CAE nets simulator deals

Farnborough Air Show » 2006
November 16, 2006, 11:25 AM

Canadian training equipment and services provider CAE, which is seeking ways to apply its simulation and modeling expertise in new areas, will announce orders worth almost $35 million from customers in India, South America and Europe.

Indian low-cost carrier Air Deccan has ordered an Airbus A320 full-flight simulator, related integrated procedures trainer and up to five years of simulator maintenance and support–together valued at $17.5 million (including buyer-furnished equipment). This is the eighth CAE simulator ordered in the past four months.

The A320 unit, which features CAE’s Tropos II enhanced visual system, will be delivered in mid-2007 to Air Deccan’s new Bangalore training center, where it will join a CAE-built ATR 72-500 unit provided by Avions de Transport Regional.  

In South America, Gol Airlines of Brazil has booked five years’ Boeing 737 training at CAE’s São Paulo training center. With another center at Santiago, Chile, CAE has eight simulators on the continent. Recent business in Europe, where CAE operates 30 civil simulators, includes training contracts from City Star Airlines and White Eagle Aviation.

By next March 31, Brown expects CAE to have won orders for at least a further 13 civil simulators, reflecting required capacity to serve expanding fleets as new-aircraft delivery rates rise following recent record orders. Last month, the executive told CAE shareholders that about 75 percent of expected civil simulator revenue for the year from next April 1 was covered by order backlog.

A current question for CAE is how to identify new simulation and modeling applications, group president for civil training and services and innovation Jeff Roberts told Aviation International News. The company wants to use its experience in additional aerospace and defense applications and in other areas.

CAE president Robert Brown has appointed Roberts to lead a team considering potential applications in industries such as security and medicine. “There’s a whole series of ideas that we want to examine,” according to Brown, who has allocated $3 million for investment “where we think modeling, simulation and training can reduce [local market] risk.”

Brown acknowledged that it would not be a short-term activity. “This is not going to give a quick return, but I think over the next two to three years we can apply CAE technology elsewhere,” he said. Roberts said CAE has successfully used modeling and simulation “to create environments in which customers can experience the unthinkable” and establish procedures for recovery.

Under a recent restructuring plan, CAE operations have been reorganized to separate products from services, with each discipline further split into civil and military activities. New business and operational processes have enabled the company to improve performance to the point where, for example, an A320 full-flight simulator can be built in 14 rather than 18-plus months. CAE has consolidated its training activities and is investing a total of $630 million over six years in its largest ever research and development program, which aims to “ensure we maintain our world leadership in technology.” Brown told shareholders in June that current initiatives include redeploying simulators and rationalizing the training center network.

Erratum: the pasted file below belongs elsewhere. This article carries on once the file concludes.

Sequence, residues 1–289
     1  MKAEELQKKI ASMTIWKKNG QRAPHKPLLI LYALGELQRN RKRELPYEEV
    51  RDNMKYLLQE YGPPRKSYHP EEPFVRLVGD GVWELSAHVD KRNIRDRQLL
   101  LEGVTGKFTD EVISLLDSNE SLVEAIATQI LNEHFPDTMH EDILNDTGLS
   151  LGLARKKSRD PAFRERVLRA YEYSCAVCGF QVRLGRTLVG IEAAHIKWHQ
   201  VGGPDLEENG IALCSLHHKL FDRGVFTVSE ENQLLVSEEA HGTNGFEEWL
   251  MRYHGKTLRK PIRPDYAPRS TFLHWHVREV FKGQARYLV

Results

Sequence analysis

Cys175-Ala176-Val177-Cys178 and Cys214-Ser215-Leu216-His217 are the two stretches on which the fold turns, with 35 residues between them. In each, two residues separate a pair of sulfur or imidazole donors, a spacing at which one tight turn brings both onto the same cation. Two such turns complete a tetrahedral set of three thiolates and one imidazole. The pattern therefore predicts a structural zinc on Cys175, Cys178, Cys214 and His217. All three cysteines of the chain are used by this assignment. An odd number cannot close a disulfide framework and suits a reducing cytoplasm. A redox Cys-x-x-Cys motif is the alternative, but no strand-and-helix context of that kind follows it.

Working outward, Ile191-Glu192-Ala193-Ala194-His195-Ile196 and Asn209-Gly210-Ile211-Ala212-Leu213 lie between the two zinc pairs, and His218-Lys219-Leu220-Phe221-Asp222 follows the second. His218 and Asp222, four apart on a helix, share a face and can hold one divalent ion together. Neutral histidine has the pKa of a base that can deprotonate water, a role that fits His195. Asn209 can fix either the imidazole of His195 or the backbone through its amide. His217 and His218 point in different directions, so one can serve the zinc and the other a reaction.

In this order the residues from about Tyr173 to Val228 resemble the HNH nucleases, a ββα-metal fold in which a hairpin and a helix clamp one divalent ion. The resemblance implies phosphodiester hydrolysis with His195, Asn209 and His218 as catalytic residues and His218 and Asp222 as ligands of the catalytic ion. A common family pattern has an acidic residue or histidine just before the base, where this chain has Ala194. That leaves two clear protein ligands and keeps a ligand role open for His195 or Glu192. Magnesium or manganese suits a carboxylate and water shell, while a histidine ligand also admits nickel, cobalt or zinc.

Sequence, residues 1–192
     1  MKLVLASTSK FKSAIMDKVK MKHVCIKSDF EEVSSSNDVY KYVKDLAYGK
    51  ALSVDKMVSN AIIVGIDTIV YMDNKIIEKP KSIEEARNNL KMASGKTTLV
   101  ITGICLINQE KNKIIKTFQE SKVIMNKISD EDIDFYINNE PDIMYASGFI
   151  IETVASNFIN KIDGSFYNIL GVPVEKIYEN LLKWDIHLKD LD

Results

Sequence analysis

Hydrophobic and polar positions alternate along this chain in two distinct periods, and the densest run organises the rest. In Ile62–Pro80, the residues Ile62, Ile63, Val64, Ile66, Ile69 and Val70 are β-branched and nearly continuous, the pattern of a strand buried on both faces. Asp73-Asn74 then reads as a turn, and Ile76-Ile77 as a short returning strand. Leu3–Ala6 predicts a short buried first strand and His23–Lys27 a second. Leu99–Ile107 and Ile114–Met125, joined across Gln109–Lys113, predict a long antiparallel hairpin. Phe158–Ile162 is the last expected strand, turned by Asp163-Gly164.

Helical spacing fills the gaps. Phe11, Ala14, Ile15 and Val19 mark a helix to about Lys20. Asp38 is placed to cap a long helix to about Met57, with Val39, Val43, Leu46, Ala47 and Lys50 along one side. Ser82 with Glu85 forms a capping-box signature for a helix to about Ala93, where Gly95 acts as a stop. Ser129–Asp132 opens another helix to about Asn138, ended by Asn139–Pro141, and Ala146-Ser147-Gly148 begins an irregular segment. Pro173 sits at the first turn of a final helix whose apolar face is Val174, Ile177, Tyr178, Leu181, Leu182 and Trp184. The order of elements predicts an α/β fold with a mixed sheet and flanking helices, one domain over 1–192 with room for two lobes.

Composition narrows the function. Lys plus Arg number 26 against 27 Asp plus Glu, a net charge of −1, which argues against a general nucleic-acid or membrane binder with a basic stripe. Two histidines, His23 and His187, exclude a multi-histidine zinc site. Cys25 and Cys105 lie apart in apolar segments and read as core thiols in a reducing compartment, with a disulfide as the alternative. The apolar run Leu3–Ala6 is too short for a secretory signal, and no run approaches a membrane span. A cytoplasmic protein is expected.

Roberts explained to AIN that as aircraft move between operators it is convenient to relocate some simulators as well as to consolidate capacity. For example, in the U.S., equipment at two Dallas training centers is being moved to a single point. Here in Europe, the Maastricht center in the Netherlands has been closed, with that capacity now being shared between a nearby Amsterdam facility and another point in the Belgian capital Brussels. In Spain, three Madrid centers have been merged.

CAE is completing the expansion of training centers at Burgess Hill (near London’s Gatwick Airport in the UK) and at Zhuhai in China. Business aviation capacity is being added at Burgess Hill, including Dassault Falcon 900, 2000 and F7X platforms in four new simulator bays. The center supports Airbus A320, A330 and A340, and Boeing 747 training. At Zhuhai, where CAE has a joint venture with China Southern Airlines, six more bays are being added to the existing 10, to include A320 and Boeing 737 courses and one other type yet to be announced.

Another move is the establishment of training capacity near Morristown, New Jersey, which will become the home of Falcon 7X training and will also support Falcon 900 and 2000, Gulfstream IV and Sikorsky S-76 activity. All these changes should begin to benefit the company’s business by 2008, according to Brown.

FILED UNDER: 
Share this...

Please Register

In order to leave comments you will now need to be a registered user. This change in policy is to protect our site from an increased number of spam comments. Additionally, in the near future you will be able to better manage your AIN subscriptions via this registration system. If you already have an account, click here to log in. Otherwise, click here to register.

 
X